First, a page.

Are you someone who likes to eat popcorn in the cinema? I am; it’s a built-in part of the enjoyment of the whole experience – though not in the theatre, where I just still crave the childhood treat of a little tub of ice cream in the interval. It’s silly, really, because I never buy popcorn on any other occasion, and I only eat ice cream when I’ve bought it for guests or children in my own home. Or do I? Let’s be honest; sometimes when I’m feeling tired or fed up, I will go and see if there’s some ice cream lurking in the freezer and have a surreptitious bowl to cheer myself up. And chocolate… let’s not go there.

The fact is, when we associate a particular kind of food with a pleasant experience, we’ll seek it out to boost our mood in other situations. Research on chocolate has shown that, contrary to what we like to believe, it doesn’t in itself make us feel happier. "There is some slight evidence that chocolate triggers the release of opiate-like chemicals in the brain but really its relationship with our emotions operates in the reverse direction," says Professor Andy Smith of Cardiff University. "We seek out a chocolate snack when we feel upset or are emotional because, in the past, we have had pleasant associations with it. That is why it is a comfort food."

It’s all too easy to create an association with a particular kind of food or, indeed, a subconscious habit. An experiment reported in the August 2011 issue of the Personality and Social Psychology Bulletin shows just how much our past experiences influence our eating habits; but also offers some hope for simple ways in which we can break habits that we want to.

The researchers gave people a bucket of either nice, fresh popcorn or stale, week-old popcorn just as they were going into a cinema to watch a film. Some of the audience were habitual popcorn eaters and some were not. The film goers who didn't usually eat popcorn in the cinema ate far less stale popcorn than fresh popcorn because it didn’t taste as nice. Duh! Obviously, you would think.

But viewers who usually ate popcorn while watching movies, ate about the same amount of popcorn whether it was fresh or stale. In other words, the ingrained habit of eating popcorn in the cinema overrode the fact that the stale popcorn didn’t even taste nice.

"When we've repeatedly eaten a particular food in a particular environment, our brain comes to associate the food with that environment and make us keep eating as long as those environmental cues are present," said David Neal, lead author of the study, who was a psychology professor at USC when the research was conducted and now heads a social and consumer research firm.

"People believe their eating behaviour is largely activated by how food tastes. Nobody likes cold, spongy, week-old popcorn," said corresponding author Wendy Wood, Provost Professor of Psychology and Business at USC. "But once we've formed an eating habit, we no longer care whether the food tastes good. We'll eat exactly the same amount, whether it's fresh or stale."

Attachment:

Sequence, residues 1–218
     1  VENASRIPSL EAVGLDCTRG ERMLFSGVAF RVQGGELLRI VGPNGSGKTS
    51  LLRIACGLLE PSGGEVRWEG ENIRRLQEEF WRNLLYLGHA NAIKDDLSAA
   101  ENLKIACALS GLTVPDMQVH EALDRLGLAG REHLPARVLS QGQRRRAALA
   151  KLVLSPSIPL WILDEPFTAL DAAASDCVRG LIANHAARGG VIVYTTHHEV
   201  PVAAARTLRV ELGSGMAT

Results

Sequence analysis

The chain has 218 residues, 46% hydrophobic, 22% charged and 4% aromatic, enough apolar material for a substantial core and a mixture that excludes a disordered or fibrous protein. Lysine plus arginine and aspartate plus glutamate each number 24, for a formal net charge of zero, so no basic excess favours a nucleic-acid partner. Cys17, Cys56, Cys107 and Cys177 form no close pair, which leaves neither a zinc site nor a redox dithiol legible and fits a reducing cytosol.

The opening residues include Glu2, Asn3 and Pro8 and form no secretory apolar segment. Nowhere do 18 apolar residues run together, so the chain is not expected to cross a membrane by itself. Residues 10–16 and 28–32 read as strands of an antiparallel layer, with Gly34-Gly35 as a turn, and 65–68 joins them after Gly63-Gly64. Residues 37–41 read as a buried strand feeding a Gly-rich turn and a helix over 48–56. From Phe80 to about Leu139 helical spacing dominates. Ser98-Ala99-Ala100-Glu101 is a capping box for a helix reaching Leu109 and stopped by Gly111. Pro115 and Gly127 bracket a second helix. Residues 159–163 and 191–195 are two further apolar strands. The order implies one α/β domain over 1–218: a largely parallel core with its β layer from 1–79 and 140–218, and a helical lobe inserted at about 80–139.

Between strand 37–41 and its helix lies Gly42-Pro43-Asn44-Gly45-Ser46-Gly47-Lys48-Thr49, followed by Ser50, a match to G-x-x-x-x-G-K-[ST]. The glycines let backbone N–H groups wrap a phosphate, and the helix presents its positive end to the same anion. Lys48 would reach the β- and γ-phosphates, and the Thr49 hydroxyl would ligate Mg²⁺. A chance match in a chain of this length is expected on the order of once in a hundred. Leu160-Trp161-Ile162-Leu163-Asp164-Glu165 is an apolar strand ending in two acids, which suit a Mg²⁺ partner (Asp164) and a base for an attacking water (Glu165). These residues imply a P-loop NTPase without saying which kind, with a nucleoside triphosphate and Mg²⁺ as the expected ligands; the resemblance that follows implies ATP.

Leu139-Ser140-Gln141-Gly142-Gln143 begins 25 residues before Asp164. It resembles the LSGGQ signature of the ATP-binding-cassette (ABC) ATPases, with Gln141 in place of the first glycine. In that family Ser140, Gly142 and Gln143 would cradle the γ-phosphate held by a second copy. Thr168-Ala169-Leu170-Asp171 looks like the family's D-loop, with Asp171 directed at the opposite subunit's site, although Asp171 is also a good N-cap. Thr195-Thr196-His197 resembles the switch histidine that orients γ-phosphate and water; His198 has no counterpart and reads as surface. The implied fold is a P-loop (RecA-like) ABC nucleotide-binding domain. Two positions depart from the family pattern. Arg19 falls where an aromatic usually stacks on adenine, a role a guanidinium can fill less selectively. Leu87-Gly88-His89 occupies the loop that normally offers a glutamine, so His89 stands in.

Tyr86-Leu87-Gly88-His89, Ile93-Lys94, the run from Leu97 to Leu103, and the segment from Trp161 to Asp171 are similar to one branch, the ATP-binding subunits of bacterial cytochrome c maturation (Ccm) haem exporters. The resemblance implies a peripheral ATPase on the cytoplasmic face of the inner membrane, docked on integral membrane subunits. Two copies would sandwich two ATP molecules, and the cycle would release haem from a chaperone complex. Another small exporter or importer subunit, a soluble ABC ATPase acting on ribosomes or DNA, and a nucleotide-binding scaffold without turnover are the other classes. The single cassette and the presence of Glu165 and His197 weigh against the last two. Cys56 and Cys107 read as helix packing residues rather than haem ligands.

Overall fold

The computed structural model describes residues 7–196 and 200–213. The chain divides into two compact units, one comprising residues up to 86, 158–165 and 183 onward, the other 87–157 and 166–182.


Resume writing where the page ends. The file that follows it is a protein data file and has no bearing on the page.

The researchers controlled for hunger and whether the participants liked the popcorn they received, and they also gave popcorn to a control group who watched movie clips in a meeting room – an environment not normally associated with popcorn. In the meeting room, even habitual film-watching/popcorn eaters ate much less stale popcorn than fresh, demonstrating how much environmental cues can trigger automatic eating behaviour.

But there is hope for those of us who overeat, or eat the wrong foods because of ingrained habits or associations.

In another experiment, the researchers tested a simple disruption of automatic eating habits. Once again using stale and fresh popcorn, they asked participants going into a film to eat popcorn, but this time using either their dominant or non-dominant hand. Using the non-dominant hand seemed to disrupt eating habits and cause people to pay attention to what they were eating. When using the non-dominant hand, viewers ate much less of the stale than the fresh popcorn, and this worked even for those with strong film viewing/popcorn eating habits.

So if you’re trying to change eating habits, check whether there are times and places when your body and mind have come to expect a certain type and amount of food, and avoid or change them. There are ways of tricking your brain, such as using smaller plates to contain smaller portions, and your body by drinking a glass of water before you eat a meal. Or simply try eating with the wrong hand.